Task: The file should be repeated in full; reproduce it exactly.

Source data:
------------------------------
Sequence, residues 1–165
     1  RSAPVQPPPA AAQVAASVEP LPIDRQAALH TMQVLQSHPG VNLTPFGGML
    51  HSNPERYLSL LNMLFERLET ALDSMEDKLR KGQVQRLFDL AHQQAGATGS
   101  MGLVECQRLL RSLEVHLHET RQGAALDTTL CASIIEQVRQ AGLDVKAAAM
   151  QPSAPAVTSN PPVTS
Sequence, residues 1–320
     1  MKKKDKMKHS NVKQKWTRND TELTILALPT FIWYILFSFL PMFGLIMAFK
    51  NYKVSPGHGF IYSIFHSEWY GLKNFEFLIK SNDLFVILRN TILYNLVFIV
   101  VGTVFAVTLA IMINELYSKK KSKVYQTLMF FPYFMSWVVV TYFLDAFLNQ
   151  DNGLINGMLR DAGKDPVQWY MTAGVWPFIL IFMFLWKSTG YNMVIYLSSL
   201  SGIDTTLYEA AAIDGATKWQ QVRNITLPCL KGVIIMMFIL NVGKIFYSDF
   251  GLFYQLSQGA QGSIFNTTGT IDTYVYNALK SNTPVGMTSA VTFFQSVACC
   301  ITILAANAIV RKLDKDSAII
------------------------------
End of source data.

Sequence, residues 1–165
     1  RSAPVQPPPA AAQVAASVEP LPIDRQAALH TMQVLQSHPG VNLTPFGGML
    51  HSNPERYLSL LNMLFERLET ALDSMEDKLR KGQVQRLFDL AHQQAGATGS
   101  MGLVECQRLL RSLEVHLHET RQGAALDTTL CASIIEQVRQ AGLDVKAAAM
   151  QPSAPAVTSN PPVTS
Sequence, residues 1–320
     1  MKKKDKMKHS NVKQKWTRND TELTILALPT FIWYILFSFL PMFGLIMAFK
    51  NYKVSPGHGF IYSIFHSEWY GLKNFEFLIK SNDLFVILRN TILYNLVFIV
   101  VGTVFAVTLA IMINELYSKK KSKVYQTLMF FPYFMSWVVV TYFLDAFLNQ
   151  DNGLINGMLR DAGKDPVQWY MTAGVWPFIL IFMFLWKSTG YNMVIYLSSL
   201  SGIDTTLYEA AAIDGATKWQ QVRNITLPCL KGVIIMMFIL NVGKIFYSDF
   251  GLFYQLSQGA QGSIFNTTGT IDTYVYNALK SNTPVGMTSA VTFFQSVACC
   301  ITILAANAIV RKLDKDSAII